Engaging District, School, and Teacher Leaders in Improvement

Year of publication: 
January 2019
Publication: 
Policy Analysis for California Education

California’s shift towards continuous improvement in education makes understanding how districts and schools can learn to improve a more pressing question than ever. The CORE Improvement Community (CIC), a network of California school districts engaged in learning about improvement together, is an important testing ground to learn about what this work entails. 

This report continues drawing lessons from the CIC’s second year as its districts work together towards a common aim: to improve the mathematics achievement of African American and Latinx students in Grades 4–8. The CIC applies a specific continuous improvement approach, called improvement science, to support teams in reaching the aim. Improvement science, unlike many approaches to reform, is not a specific “program” designed to fix educators’ performance in a particular aspect of their work (e.g., mathematics instruction). Instead, it is an approach and tools through which educators can better understand the causes of lagging performance, select ideas that they believe will lead to improvement, test them, and collect and analyze data from those tests to systematically see if their ideas indeed yield better outcomes. In 2016–17, the work of the CIC consisted of building district teams that conducted systems analysis to understand the achievement gap in their respective contexts. In 2017–18, the CIC launched local improvement teams (LITs) at schools, which used tools and protocols of improvement science to identify strategies that could impact the problem of practice, test those ideas, and gather data about the impacts of those change ideas.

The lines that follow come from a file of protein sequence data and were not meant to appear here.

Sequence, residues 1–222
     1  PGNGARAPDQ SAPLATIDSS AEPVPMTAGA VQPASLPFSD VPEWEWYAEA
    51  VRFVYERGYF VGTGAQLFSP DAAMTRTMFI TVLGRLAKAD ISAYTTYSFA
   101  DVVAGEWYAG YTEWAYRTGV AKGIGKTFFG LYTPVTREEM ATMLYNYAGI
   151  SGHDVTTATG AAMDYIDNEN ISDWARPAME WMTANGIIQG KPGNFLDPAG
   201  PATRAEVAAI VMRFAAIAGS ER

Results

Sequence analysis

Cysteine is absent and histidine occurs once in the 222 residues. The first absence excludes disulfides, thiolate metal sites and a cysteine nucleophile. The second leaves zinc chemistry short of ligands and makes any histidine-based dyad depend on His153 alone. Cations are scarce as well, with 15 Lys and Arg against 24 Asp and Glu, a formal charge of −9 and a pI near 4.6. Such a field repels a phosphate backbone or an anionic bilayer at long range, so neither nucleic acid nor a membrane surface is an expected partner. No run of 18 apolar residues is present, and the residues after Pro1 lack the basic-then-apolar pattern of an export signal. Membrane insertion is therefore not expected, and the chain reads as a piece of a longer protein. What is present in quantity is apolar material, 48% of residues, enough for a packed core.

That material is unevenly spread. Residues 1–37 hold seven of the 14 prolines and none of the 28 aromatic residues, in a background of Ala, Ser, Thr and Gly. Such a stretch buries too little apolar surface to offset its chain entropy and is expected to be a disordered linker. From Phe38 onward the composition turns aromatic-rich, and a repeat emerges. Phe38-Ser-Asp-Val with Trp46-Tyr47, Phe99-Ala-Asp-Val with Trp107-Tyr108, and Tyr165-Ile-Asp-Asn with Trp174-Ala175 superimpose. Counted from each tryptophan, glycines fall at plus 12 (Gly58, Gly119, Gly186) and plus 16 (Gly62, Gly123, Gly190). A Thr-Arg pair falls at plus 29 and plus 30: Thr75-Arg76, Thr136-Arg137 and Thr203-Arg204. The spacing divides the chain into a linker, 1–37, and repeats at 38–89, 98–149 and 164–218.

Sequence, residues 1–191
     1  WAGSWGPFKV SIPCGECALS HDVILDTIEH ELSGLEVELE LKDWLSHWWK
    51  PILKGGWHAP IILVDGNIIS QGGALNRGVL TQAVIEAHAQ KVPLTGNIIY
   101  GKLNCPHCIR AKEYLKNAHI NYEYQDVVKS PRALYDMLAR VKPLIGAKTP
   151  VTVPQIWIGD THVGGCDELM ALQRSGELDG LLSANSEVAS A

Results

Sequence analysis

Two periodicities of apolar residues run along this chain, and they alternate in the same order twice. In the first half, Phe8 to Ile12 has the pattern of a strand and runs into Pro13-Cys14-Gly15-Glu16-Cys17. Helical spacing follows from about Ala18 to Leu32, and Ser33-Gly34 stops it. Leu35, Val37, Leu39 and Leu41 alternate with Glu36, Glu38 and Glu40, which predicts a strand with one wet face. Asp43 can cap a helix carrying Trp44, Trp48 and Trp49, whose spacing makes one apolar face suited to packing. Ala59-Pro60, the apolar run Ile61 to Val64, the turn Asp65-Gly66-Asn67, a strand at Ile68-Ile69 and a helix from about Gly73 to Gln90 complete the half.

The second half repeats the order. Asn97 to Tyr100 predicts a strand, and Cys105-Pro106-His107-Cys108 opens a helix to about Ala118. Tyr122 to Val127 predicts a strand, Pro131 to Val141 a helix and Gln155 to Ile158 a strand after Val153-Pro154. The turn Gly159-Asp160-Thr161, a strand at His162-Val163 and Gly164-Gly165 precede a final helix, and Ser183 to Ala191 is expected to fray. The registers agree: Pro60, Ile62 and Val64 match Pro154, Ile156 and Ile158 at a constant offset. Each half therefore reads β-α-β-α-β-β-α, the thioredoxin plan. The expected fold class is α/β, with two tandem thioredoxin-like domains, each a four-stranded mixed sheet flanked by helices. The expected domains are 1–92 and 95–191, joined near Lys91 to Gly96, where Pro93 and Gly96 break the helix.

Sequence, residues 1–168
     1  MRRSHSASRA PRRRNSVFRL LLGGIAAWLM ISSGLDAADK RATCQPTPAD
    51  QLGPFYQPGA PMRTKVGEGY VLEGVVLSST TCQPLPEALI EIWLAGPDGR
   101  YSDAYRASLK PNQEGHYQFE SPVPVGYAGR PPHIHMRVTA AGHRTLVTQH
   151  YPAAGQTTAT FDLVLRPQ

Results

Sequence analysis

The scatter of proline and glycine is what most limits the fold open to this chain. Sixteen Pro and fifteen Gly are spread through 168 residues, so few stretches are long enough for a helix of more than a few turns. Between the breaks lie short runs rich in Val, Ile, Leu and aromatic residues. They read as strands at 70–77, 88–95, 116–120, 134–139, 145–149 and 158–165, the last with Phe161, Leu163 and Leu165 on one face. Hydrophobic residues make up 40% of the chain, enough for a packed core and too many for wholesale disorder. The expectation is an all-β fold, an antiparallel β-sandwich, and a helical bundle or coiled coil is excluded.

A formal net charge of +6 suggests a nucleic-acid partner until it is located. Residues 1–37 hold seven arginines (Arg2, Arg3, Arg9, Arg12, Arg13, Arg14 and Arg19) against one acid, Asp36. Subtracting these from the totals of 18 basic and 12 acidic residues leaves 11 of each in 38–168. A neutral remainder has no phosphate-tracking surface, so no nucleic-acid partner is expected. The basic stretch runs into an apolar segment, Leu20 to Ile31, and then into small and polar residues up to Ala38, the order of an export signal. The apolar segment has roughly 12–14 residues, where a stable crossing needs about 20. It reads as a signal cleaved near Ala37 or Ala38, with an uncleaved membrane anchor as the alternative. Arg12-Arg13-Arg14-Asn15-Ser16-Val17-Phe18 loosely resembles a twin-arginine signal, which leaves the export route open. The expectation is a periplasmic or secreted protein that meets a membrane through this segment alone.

The first section of the report briefly explains the policy context in California and the history of the CORE districts’ collaboration. The second part of the report details four major lessons learned from the CIC this year:

  1. The simultaneous goals of improving math achievement while building capacity for continuous improvement offer both benefits and challenges for the CORE Districts.
  2. Districts have a pivotal role to play in supporting and sustaining continuous improvement efforts focused on classroom instruction.
  3. Context matters. Preexisting structures and processes, time for educator collaboration, and supportive leadership all influence continuous improvement efforts.
  4. District and school leaders are excited about the potential of continuous improvement to spur deep and lasting improvement.

The lessons learned from CORE’s second year of implementing the CIC have broad implications throughout the state and the nation as educational organizations seek to bring continuous improvement to bear on problems that have been intractable to date.

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